A massive demonstration in downtown Cairo demanding that Egyptian President Mohammed Morsi revoke a constitutional decision granting him sweeping powers over the judiciary tops the front pages of all major Arab dailies Wednesday.
Saudi-owned daily A-Sharq Al-Awsat, always critical of the Muslim Brotherhood and its leader, runs a headline reading “Egypt: ‘Tahrir’ returns the revolutionary atmosphere.” The daily reports the feeling of “a new revolution” in the wake of the largest protests since those of winter 2011, which toppled president Mubarak.
‘Every time we say, “That’s it, the country has stabilized” — things flare up again,’ 50-year-old Haj Muhammad says. ‘We are entering a dark tunnel which we will not emerge from easily’
The daily also quotes former Muslim Brotherhood General Guide Mehdi Akef as defending Morsi’s declaration and calling the protests “made up.”
“Every time we say, ‘That’s it, the country has stabilized,’ — things flare up again,” 50-year-old Haj Muhammad tells the daily. “We are entering a dark tunnel which we will not emerge from easily.”
London-based daily Al-Hayat also describes Tahrir’s revolutionary atmosphere, but focuses more on its political ramifications.
“Tahrir ‘million-man protest’ confuses Morsi’s calculations,” reads the daily’s headline. The opposition’s tour de force in multiple Egyptian provinces has proven the ability of Egypt’s liberal forces to mobilize the masses in the face of Islamists, “unaffected by religious slogans,” Al-Hayat claims.
“Morsi has lost the initiative following his failure to satisfy the judges,” reads the headline of an article by Ahmad Mustafa in Al-Hayat. Morsi wagered on a split within the ranks of the judges, Mustafa argues, but instead other sectors of society, including artists, journalists and lawyers, joined the protest movement.
Khalil Anani, an Egyptian columnist writing Wednesday for Al-Hayat, claims in his op-ed that Morsi’s presidency is a ‘dictatorship under a revolutionary guise’
“Secular Egypt rises up; street wars rage in a number of provinces,” reads the headline of Arab-nationalist daily Al-Quds Al-Arabi. The article, which features a photo of veiled women raising their arms as they chant anti-government slogans at the demonstration, focuses on the violence and public disruptions caused by the opposition.
“A million-man march carries a healthy message,” reads the headline of the daily’s editorial. “The mobilization is healthy and displays an effort to safeguard democracy and the revolutionary values.”
Khalil Anani, an Egyptian columnist writing Wednesday for Al-Hayat, claims in his op-ed that Morsi’s presidency is a “dictatorship under a revolutionary guise.”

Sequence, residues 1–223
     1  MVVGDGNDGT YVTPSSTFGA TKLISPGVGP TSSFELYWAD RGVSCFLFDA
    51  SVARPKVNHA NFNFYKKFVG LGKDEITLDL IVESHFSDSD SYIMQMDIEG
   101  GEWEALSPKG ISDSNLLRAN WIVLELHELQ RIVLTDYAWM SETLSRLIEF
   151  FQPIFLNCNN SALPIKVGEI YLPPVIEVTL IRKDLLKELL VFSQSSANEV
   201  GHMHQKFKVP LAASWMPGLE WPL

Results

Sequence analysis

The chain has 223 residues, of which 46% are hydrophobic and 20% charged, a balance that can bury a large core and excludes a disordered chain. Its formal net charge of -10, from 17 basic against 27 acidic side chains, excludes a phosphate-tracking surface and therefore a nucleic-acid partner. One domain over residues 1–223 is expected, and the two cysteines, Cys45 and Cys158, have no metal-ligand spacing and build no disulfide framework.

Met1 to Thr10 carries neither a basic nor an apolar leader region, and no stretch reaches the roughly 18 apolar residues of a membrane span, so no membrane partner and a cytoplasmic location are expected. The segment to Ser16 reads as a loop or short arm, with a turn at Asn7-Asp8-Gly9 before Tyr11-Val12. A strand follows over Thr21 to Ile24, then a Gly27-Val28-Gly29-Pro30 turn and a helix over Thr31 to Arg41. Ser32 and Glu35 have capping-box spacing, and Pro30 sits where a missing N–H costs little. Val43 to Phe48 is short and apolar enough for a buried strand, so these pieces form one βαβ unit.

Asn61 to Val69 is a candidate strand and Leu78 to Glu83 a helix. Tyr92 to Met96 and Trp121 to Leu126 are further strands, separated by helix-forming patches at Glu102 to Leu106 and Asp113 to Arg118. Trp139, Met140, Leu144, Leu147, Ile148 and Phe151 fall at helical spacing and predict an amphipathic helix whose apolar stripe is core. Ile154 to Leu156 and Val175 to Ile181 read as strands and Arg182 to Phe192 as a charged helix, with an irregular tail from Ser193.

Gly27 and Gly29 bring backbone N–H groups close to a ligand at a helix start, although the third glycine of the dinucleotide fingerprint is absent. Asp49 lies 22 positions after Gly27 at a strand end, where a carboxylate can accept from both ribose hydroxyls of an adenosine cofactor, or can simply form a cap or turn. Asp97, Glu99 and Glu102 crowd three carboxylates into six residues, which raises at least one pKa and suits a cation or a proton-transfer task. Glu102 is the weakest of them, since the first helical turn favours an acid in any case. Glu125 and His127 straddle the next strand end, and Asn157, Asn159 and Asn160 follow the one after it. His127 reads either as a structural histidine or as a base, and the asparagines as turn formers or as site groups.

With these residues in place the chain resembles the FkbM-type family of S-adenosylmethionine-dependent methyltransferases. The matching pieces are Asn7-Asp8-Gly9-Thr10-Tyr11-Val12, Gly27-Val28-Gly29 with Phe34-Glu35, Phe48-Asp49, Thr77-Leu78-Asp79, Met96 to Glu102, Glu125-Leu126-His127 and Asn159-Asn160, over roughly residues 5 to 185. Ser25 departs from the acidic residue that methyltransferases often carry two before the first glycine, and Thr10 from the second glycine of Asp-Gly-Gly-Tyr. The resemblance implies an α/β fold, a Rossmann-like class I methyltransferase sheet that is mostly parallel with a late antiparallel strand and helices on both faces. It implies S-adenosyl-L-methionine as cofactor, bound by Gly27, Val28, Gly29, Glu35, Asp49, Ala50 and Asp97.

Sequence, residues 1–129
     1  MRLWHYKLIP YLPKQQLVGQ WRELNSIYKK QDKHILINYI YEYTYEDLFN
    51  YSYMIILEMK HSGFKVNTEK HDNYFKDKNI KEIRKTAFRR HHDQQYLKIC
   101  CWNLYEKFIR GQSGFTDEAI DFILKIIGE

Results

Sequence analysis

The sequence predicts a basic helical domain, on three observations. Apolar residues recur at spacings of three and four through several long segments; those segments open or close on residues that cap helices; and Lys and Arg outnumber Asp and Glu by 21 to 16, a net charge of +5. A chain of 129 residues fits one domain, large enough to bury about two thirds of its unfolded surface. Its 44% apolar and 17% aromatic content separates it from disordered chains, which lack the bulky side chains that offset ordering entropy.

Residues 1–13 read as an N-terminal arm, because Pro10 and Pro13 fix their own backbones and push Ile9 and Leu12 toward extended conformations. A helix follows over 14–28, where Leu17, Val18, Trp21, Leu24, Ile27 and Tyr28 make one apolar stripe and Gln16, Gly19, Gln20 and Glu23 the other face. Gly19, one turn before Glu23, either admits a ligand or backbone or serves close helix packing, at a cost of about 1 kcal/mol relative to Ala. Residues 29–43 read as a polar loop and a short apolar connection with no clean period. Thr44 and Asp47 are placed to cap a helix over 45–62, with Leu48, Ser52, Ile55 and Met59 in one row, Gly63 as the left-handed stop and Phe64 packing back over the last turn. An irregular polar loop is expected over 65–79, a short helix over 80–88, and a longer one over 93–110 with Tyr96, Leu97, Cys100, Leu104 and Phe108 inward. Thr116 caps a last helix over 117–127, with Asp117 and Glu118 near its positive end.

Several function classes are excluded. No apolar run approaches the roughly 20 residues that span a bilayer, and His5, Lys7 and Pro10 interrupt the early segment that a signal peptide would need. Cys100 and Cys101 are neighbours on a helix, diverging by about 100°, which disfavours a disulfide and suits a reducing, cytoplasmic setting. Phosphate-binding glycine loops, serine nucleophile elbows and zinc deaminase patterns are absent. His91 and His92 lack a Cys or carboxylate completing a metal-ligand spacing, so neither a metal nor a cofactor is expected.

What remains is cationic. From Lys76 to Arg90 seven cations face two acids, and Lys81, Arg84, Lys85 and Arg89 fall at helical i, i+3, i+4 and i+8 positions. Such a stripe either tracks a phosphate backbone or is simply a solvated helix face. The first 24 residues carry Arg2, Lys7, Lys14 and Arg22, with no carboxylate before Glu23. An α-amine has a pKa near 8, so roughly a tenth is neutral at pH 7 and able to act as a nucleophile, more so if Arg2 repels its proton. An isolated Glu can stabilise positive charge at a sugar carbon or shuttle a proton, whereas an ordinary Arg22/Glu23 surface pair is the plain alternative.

“It may be said that Morsi’s declaration bears the seeds of a new dictatorship being inaugurated in Egypt following the revolution, under a popular guise. Some may believe that the constitutional declaration is a political mistake of miscalculation on Morsi’s part. This seems true, but not without numerous indications about how the president thinks and how he deals with political crises he may face,” writes Anani.
During the funeral Monday of 17-year-old Jaber Salah, the first “martyr” of the new protest, the public shouted “O Jaber rest assured, we will punish the butcher.”
According to independent Egyptian daily Al-Masry Al-Youm, Salah’s mother blames President Morsi for his death, saying that her son was in fact a Morsi supporter and wanted to live in a wonderful country. “I will sue the president and the ministry of interior.”
Syria — is the end any nearer?
The Syrian opposition continues to score points in its ongoing struggle to topple President Bashar Assad.
A-Sharq Al-Awsat reports that both the government and the opposition are amassing troops in and around Damascus in preparation for “the great battle.” Opposition forces tell the daily that they have succeeded in destroying 10 tanks in the city of Darya and taking control of an air defense battalion near the capital.
The pro-opposition daily also reports a “qualitative breakthrough” as the opposition succeeds in downing a military helicopter engaged in bombing the Aleppo area, using a ground to air missile.
Qatari news station Al-Jazeera, perhaps more updated than the Saudi daily, reports the downing of a MiG fighter jet in addition to the helicopter.
The station’s short video report focuses on summary executions perpetrated by the regime against internally displaced Syrians near Damascus.
A-Sharq Al-Awsat reports that both the government and the opposition are amassing troops in and around Damascus in preparation for ‘the great battle’
In a separate article, the daily quotes a Human Rights Watch report condemning the Syrian regime for resuming the use of cluster bombs against civilians. The article is accompanied by a photo of citizens crowding around a bakery in the city of Idlib.
A Free Syrian Army official, Colonel Aref Hamoud, tells the daily that Assad has resorted to using cluster bombs as a punitive measure against rebellious regions of the country, and may soon begin to use surface-to-surface missiles against Syrian civilians, to inflict a maximal amount of damage.
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